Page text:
At mile 73 I got back to the aid station and a ton of teammates were there to cheer for me. Matt went up to me and cheer for me as Pikachu. Coach Paul/Rad were there. Sarah and Aubrey was there. I stopped and the girls hold the bike for me. I said I wanted something to drink and I think Coach Rad went to the aid station and got me some water. I told Paul/Rad about my problem and they said to just stretch it out and go smooth. I took sometime to stretch my back and it was helping. They kept on telling me that I was doing a good job but I did not feel like I was doing well because I was going so slow. I think Captain Awesome and Caroline were also there to cheer. I am sure there were more people over there but those are the one that I remembered. Sorry if I forgot to mention your name! All your support was well received.

After a few minutes I left that aid station and continue my ride. Again, I started feeling better and I started to go faster. Then my chain came off. While I was fixing my chain Irene passed me and I was happy to see a familiar face. When I got to the next station I stopped for a minute and I stretched.

By now I started to talk to the cyclist around me because we were kind of at the same pace. Actually I was faster than them. But because I stopped at water station we ended up going at the same pace. There were a few people that I like to mention.

Girl A: I think she was 26 (from looking at the age on her leg). She was struggling. I tried to talk to her but she did not respond =(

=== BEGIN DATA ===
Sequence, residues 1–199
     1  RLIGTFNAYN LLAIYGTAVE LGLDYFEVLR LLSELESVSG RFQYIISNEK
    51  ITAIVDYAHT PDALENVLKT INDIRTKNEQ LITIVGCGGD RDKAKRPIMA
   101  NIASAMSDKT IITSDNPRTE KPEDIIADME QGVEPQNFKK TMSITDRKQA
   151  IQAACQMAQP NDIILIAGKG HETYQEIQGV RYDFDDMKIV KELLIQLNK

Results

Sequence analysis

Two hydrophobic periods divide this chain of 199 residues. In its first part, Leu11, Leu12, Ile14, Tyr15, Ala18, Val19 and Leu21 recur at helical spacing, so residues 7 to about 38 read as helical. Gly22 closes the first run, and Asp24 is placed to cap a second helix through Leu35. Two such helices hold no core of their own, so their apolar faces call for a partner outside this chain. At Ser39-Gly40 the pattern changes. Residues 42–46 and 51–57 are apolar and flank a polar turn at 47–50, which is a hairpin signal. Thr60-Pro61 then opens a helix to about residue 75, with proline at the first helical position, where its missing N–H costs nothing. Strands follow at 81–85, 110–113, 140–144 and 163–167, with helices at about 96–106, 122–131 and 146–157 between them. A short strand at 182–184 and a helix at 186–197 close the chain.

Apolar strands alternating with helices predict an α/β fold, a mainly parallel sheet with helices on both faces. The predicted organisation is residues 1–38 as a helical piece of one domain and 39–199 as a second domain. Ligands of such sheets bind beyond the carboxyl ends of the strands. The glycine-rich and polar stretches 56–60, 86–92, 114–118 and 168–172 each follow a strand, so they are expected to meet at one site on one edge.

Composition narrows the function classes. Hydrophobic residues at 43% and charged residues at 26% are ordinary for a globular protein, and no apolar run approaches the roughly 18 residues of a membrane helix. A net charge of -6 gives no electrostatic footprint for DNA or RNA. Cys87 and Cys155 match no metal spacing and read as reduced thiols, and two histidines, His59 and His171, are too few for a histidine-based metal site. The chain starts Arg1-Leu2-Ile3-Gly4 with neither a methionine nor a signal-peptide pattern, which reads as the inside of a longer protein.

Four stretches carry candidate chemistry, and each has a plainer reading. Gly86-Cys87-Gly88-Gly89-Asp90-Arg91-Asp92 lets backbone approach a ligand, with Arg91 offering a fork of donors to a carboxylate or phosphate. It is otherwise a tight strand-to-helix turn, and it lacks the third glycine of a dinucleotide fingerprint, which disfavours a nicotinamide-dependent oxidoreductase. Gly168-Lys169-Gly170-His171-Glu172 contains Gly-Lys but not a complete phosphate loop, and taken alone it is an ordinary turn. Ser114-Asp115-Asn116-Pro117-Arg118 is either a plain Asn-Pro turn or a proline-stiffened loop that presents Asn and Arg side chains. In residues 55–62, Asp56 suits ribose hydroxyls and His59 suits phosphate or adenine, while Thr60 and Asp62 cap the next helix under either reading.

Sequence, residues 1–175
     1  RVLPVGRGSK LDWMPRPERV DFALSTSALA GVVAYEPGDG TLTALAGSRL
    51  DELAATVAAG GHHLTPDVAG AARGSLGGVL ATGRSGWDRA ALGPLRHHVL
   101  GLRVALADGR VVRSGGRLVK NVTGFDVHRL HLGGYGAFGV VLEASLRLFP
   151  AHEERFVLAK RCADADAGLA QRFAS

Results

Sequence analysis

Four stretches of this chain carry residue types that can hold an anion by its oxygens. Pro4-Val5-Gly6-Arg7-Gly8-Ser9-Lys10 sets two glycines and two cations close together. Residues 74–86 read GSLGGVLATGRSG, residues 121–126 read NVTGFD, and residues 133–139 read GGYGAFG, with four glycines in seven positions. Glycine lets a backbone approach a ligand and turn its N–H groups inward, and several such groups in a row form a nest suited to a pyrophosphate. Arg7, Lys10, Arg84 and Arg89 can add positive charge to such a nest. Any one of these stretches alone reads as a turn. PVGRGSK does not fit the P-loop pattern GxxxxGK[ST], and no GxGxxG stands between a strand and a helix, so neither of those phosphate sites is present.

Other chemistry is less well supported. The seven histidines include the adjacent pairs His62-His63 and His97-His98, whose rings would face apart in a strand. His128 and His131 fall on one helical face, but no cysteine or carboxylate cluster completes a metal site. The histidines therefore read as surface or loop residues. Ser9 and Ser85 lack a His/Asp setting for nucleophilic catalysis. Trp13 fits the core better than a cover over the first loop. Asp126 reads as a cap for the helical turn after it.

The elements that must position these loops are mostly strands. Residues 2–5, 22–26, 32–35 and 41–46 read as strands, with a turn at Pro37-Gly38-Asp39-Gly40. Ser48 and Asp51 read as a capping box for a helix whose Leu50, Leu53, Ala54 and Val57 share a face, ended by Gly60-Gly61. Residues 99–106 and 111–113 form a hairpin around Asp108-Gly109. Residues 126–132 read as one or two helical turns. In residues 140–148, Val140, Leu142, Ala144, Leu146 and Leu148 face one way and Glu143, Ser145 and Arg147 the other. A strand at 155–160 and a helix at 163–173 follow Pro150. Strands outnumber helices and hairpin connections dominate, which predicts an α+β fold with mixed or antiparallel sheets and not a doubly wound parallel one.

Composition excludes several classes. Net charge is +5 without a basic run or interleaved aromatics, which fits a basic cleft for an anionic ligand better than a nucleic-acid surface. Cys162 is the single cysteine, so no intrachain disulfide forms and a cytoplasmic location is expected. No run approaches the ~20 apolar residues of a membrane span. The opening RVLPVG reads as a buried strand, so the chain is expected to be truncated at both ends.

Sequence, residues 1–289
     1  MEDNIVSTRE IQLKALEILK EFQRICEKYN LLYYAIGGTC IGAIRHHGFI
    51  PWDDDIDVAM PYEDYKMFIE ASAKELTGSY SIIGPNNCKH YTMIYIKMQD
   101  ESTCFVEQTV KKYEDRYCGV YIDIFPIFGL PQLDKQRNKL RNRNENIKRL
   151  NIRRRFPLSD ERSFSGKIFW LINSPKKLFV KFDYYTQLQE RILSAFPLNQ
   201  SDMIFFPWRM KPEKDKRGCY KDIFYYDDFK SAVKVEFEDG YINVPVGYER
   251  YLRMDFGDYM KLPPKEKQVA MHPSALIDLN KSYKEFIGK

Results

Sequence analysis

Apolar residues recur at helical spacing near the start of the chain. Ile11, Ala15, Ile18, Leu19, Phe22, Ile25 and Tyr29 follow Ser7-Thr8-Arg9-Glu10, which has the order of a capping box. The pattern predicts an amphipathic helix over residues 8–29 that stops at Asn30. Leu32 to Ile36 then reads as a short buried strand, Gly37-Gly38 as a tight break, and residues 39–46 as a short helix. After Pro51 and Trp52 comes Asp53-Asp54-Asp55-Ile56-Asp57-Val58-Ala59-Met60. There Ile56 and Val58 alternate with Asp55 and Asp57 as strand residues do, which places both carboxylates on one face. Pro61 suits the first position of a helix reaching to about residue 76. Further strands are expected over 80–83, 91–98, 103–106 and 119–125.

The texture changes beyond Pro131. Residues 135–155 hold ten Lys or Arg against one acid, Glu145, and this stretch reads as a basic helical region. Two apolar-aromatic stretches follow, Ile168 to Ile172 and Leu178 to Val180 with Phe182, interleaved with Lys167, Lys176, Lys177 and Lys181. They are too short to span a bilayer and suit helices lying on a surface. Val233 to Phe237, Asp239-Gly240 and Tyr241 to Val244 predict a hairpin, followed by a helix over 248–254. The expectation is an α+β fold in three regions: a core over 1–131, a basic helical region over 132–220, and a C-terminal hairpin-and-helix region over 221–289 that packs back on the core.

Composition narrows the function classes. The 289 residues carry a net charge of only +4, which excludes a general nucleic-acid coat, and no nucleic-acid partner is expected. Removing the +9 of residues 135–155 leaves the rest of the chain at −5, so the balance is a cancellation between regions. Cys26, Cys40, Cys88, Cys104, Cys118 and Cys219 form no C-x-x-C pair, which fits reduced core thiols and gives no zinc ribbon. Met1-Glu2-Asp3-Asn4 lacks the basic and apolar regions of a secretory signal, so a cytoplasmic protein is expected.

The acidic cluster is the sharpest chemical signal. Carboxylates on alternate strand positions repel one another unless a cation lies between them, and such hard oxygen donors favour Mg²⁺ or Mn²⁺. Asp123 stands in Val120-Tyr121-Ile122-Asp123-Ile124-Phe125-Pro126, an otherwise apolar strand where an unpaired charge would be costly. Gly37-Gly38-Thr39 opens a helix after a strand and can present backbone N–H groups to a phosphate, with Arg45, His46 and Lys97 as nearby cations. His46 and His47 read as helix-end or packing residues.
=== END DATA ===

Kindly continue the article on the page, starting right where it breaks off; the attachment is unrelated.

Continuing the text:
Woman with Lavaman jersey: I actually talked to her for a bit. She was a TNT alumni.

The older Cyclist: We were about the same pace. He usually passed me on the up hill and I would passed him on downhill and flat. We joked and encouraged each other. We rode near each other for maybe a good 15-20 miles before I needed to stop and pee.

After 7 hr and 45 minutes, I finally finished the bike. I was happy just to get off my bike!

Overtaking the cyclist in front of me: actually I just stand up in front of the camera to look cool =P

T2: Transition from Bike to Run (05:54.9)
After I dismounted I ran to my rack and rack bike. I was looking for a change tent but I don't see one so ran with my biking short. I don't remember the exact sequence but I did the following.
- Remove Helmet
- Remove Grove
- Remove Cycling Shoe, Cycling Sock
- Took off my cycling shirt and put on my TNT SGV Marathon Purple Shirt with the phase '4 Tyler' on the back
- Try to put on nip guard again but it won't stick!
- Put on Running Sock
- Put on Running Shoe
- Put on Running Belt (the Belt where it has the number attached)
- Spray Sun Screen. Put on sun screen lotion on my face... again... just one wipe! (Now that I look at the picture I look like a Geisha!)
- Took the Garmin Watch off the bike and put it on my wrist
- Put on my Mountain Hardwear Cap (Like I said before, I want a part of hiking on me)